19 Jun 2018

19 Jun 18 - Deja Vu (Almost)

I was sorting out some photos for another Odyssey Blog Post, when I noticed that the Elegant Tern has reappeared in the Sandwich Tern & Mediterranean Gull colony at Pagham Harbour according to the Rare Bird Alert team. Having seen the Elegant Tern there last year when it was finally pinned down to the Pagham colony I wasn't desperately keen to dash back there again, especially as it was the start of the afternoon commute period. A couple of hours later, I checked the RBA website & found that the identification had been updated a few minutes before. It was now considered to be the American Royal Tern that had been moving around between the Channel Islands & Northern France since Feb 17. It was now 18:40 & should be a two hour journey to Pagham. Grabbing the camera & optics, I headed straight out of the door, as I made a few quick calls to locals who might head off straight away for it. Fortunately, the traffic was light as there was some footie on the TV & I pulled into the car park at Church Norton just after 20:30. The car park was packed, but somebody was about to go & I managed to slot into that space. Five minutes later I arrived at the beach & spotted Edge & some of my old Southampton Birding mates. A look through one of their telescopes quickly got me onto where it was walking around in the colony. It's a bit far to the colony for decent photos, but the light was good & it was on view: so I wasn't going to complain. I grabbed a few photos over the next thirty minutes before the light started to fade. I couldn't leave as Peter Moore was still en route & I had said I would stay to ensure he could get to see it. Finally, Peter arrived & the pressure for him was off. He wasn't in when I rang him, so I couldn't have picked him up en route. But I was planning to stay over if I hadn't seen it, so sharing a lift on this occasion wouldn't have worked anyway.
Part of the Pagham Harbour Tern colony: The Royal Tern was just to the right of the bungalow with the white end
Royal Tern: Close crop of the last photo
I had seen the Royal Tern in Ireland in 2016. However, this was a British & English Tick so was worth making the effort. Secondly, this individual has been identified as the American subspecies, whereas the Irish Royal Tern had been identified as the African subspecies (both identified based on DNA samples). There have been suggestions in recent years that the two subspecies could be split at some point in the future. It wouldn't make any difference to my British List, however, there is a potential Tick in those circumstances to my British & Irish List.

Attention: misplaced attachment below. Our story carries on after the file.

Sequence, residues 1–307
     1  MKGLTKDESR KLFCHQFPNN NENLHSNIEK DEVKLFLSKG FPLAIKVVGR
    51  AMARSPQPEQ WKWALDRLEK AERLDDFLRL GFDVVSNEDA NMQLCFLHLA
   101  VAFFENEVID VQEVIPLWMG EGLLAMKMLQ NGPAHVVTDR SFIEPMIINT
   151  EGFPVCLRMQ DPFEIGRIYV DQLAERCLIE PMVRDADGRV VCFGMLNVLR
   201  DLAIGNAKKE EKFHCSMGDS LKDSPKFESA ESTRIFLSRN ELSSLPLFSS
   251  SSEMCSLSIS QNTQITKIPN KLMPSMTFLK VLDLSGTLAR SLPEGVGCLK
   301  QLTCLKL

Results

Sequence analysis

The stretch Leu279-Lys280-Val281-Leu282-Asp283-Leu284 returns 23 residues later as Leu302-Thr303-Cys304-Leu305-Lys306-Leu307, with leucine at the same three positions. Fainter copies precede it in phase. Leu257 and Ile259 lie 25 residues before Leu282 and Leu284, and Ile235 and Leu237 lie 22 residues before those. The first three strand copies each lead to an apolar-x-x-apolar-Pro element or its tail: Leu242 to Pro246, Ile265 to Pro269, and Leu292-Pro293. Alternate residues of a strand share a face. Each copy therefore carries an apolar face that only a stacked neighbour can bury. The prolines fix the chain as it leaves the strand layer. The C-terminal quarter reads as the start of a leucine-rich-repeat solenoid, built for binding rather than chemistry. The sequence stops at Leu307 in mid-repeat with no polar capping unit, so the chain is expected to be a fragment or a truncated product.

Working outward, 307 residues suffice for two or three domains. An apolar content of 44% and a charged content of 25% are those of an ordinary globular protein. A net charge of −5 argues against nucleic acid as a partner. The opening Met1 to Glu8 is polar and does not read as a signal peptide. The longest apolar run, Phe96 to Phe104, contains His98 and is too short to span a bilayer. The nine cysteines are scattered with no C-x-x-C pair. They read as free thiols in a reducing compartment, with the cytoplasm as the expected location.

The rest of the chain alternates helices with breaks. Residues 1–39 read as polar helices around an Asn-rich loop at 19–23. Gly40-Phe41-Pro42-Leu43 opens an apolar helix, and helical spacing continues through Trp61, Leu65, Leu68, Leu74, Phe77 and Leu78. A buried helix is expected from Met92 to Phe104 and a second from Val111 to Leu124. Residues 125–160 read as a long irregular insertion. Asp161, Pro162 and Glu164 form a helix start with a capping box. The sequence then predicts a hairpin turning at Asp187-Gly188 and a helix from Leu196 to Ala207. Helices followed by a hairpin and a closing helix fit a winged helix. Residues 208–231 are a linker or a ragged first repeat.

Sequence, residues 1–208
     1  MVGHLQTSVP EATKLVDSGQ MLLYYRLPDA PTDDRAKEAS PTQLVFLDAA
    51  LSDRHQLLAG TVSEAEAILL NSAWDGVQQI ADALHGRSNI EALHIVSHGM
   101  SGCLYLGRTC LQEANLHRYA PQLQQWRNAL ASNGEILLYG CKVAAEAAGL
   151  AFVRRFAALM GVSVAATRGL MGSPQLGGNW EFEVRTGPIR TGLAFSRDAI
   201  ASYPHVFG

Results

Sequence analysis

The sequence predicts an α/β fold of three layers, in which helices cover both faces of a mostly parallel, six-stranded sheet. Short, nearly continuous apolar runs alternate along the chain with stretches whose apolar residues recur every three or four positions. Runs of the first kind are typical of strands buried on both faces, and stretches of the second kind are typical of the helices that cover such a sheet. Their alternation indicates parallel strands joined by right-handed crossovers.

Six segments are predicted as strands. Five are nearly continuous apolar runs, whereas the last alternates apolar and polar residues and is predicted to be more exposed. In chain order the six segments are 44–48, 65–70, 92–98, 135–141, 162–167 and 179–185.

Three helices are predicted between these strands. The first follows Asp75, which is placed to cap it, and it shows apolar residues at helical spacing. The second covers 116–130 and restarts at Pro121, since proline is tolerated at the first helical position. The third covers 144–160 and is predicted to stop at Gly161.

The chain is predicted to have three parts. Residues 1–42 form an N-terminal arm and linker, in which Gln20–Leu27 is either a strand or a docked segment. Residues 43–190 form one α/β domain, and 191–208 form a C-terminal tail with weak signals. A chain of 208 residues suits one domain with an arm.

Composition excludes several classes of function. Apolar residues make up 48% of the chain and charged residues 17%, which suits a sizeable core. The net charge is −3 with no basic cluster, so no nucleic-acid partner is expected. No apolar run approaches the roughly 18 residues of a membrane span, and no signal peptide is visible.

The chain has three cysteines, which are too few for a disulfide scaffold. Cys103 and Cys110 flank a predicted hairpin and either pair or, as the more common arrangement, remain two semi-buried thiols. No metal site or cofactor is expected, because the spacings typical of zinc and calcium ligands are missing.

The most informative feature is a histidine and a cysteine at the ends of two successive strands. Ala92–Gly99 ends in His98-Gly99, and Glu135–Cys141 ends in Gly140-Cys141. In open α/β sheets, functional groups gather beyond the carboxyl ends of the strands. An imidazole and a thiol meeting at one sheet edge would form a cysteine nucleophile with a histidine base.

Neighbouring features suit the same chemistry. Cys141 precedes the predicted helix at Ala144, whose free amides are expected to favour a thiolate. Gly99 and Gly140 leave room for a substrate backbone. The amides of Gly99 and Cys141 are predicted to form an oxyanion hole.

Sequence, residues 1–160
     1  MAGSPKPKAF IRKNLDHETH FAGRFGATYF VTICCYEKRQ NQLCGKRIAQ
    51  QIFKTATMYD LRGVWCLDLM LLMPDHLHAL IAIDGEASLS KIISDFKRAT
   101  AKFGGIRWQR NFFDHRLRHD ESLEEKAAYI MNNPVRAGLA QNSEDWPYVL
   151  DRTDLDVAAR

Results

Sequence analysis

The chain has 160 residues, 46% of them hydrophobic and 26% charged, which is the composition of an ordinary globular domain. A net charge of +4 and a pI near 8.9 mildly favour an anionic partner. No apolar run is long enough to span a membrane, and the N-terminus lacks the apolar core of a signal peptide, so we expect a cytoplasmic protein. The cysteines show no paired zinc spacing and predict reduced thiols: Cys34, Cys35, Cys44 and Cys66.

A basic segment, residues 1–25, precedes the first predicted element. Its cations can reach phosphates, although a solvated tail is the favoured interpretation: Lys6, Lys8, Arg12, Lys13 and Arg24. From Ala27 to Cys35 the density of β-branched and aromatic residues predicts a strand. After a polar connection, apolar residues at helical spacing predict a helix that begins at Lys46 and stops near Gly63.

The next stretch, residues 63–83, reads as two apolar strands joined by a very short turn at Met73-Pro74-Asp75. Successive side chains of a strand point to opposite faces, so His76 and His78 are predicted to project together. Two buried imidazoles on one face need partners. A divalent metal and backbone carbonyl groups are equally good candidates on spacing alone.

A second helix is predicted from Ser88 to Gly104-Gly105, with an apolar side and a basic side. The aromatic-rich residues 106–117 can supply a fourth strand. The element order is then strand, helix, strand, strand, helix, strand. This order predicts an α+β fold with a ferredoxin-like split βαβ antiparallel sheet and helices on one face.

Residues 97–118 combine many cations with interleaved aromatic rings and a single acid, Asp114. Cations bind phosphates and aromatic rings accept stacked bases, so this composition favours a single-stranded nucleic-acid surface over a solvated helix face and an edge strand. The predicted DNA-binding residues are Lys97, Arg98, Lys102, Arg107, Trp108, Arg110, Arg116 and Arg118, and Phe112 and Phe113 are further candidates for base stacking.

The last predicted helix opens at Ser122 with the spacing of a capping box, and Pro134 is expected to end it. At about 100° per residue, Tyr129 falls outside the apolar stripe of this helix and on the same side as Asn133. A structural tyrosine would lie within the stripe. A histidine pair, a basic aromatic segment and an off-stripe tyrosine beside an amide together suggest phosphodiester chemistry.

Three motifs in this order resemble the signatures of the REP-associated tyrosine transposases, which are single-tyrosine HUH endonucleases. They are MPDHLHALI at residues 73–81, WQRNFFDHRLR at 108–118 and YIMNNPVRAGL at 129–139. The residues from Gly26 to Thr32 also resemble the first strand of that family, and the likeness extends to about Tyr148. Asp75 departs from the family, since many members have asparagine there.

Royal Tern: Another harsh crop. However, I'm just grateful I was able to see it that evening as it was too far for many Birders to get there after the news broke
The following morning the Royal Tern disappeared out to sea just after 04:35 & was never seen again. I wasn't too worried at this point as I had seen it, but I did feel sorry for those Birders who hadn't made it by dawn. Generally, I like to wait on news, but rare Terns are the exception that make me want to be there pre-dawn (if I can't see them the evening before), as they have a habit of disappearing out of Tern colonies very early.
Royal Tern: About half an hour after I arrived, the light started to go
I had a pleasant day sorting more Odyssey photos, until 20:15 that evening, when I checked the RBA website & found the Royal Tern had been seen again at Lodmoor, before flying out to sea. Here we go again. I skipped the camera as the light would have been poor & again raced out of the door, whilst ringing locals. Another footie match & quiet roads & I arrived around 20:45. There was a group of about 15-20 locals on the beach scanning the bay & chatting, but it was negative news. Well it was only going to be an hour or so until it got dark, so I decided to wait it out. Around 21:30 a few people started departing, but I was going to stay to close to last light, before moving for a final check of the Lodmoor Tern islands. At 21:35, Marcus Lawson rang to say he had just found it sitting on a buoy out in Portland Harbour & visible from the Billy Winters cafe at Ferrybridge. I shouted the update to the other Birders & ran to the car. Ten minutes later, I was pulling into the Billy Winters car park & was first to Marcus's telescope which was trained on the buoy. I became the first Birder to have seen it on consecutive nights in different English counties. I think Julian Thomas was the only only person to get the double when he arrived after 22:00. Again, it disappeared first thing in the morning & only one or two people managed to see it. As I write this Post at the start of July, it hasn't been refound in the country. But there must be a reasonable chance it will pop up in another Tern colony somewhere on the South coast in the next few weeks.

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